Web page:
Dry Eyes

dry-eyesYour eyes are lubricated by tears produce d by tear glands in you upper eyelid. Blinking spreads a film of tears across the surface of your eyes that then move to the inside area of your eye and drain through the tear drainage ducts in the nose and throat.

Your tears are comprised of three separate layers. They include a watery layer, a mucus layer and an oily layer. An abnormality in any of these three layers can lead to dry eye symptoms. These symptoms include:

  • Dryness of the eye mucous discharge
  • Redness Sandy or gritty feeling
  • Itching Burning
  • Constant or occasional tearing Watery eyes
  • Light sensitivity Eye pain or soreness
  • Lid infections Sties
  • Tired eyes Contact lens discomfort
  • Contact lens solution sensitivity frequent use of lubricating eye drops


What causes dry eyes?

Environment plays a large role in your tear layer. Sunny, dry or windy weather can lead to dry eye symptoms. Heaters, air conditioners and high altitudes increase the evaporation of tears from the eye’s surface.

If your tear drainage is too great or too slight, you may experience dry eye symptoms.

Wearing contact lenses increases tear evaporation and may lead to dry eye symptoms.

Tear production gradually decreases with age. At age 65 the tear glands produce about 40% of the lubricating tears they produced at age 18.

Certain medications, including decongestants, antihistamines and diuretics may reduce tear production.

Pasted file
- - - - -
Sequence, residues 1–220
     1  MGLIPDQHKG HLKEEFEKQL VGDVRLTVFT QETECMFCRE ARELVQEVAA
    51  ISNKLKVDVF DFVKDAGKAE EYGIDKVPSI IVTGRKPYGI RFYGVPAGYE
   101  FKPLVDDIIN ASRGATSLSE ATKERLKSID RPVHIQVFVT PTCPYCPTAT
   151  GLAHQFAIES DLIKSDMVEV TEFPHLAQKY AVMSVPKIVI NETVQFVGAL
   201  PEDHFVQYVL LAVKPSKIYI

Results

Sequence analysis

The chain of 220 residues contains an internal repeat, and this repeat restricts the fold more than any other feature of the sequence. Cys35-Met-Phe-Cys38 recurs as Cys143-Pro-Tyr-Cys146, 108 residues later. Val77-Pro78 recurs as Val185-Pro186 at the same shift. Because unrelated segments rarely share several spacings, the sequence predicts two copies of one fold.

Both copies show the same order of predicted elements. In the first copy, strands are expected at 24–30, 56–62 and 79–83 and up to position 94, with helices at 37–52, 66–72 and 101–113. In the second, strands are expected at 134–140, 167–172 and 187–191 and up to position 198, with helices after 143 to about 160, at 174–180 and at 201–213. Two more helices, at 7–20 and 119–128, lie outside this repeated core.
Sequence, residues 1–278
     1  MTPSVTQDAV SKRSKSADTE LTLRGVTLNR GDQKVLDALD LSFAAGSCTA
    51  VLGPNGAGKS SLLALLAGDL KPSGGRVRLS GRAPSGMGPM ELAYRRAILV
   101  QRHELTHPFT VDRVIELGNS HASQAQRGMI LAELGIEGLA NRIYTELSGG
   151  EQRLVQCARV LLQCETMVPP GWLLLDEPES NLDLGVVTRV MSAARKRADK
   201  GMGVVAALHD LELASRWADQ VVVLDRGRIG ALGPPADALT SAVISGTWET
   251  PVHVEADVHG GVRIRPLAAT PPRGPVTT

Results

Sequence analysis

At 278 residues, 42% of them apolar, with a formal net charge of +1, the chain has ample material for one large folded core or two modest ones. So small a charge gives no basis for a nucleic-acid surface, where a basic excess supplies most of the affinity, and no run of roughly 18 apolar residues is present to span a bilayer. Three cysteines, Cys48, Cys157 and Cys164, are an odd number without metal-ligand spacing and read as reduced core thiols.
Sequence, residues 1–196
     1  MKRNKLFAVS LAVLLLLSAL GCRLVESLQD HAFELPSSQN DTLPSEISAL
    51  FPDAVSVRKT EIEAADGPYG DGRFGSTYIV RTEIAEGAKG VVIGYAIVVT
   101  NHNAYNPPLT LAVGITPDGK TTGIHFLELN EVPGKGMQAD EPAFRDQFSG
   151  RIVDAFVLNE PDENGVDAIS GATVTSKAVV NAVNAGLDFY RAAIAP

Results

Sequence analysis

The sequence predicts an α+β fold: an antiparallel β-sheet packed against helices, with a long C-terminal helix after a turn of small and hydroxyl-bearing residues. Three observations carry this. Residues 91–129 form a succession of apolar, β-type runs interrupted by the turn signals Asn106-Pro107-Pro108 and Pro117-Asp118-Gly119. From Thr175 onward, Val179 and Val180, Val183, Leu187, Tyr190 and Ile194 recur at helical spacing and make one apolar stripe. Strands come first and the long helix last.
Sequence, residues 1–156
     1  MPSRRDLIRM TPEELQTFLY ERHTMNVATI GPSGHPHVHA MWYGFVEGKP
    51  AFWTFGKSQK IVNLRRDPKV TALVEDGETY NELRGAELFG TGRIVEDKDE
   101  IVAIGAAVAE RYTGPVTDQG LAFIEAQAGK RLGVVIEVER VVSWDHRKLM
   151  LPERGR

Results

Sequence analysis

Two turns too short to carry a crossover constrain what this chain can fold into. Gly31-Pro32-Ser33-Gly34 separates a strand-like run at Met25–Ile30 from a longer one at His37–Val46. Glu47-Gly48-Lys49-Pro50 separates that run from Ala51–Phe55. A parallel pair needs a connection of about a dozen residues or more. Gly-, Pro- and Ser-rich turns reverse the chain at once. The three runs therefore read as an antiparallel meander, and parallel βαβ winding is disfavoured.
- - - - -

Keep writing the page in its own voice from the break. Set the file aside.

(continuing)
Other related conditions include sinus/nasal congestion, chronic cough, bronchitis, allergies or hay fever, middle ear congestion, dry throat or mouth, headaches and asthma.


How are dry eyes treated?

Management of dry eyes can be a challenging process. Lubricating drops and ointments may provide relief for dry eyes. Lacrimal occlusion is often used when lubricating drops alone are not adequate. Lacrimal occlusion is the partial blockage of your tear drainage ducts to preserve natural tears on the surface of the eyes. This procedure often provides long-term relief from dry eye symptoms. Temporary (dissolving) plugs are inserted into your tear drainage ducts. They last four to seven days, during which time you symptoms are monitored. Once the efficacy of the plugs is determined, permanent plugs are inserted. Often lubricating drops are no longer needed following punctal occlusion.

When left untreated, severely dry eyes may lead to chronic infection of you eye and eyelids, corneal ulceration, scarring and permanent vision loss.

Our doctors of optometry will work with you to determine the best option for treating your dry eye symptoms.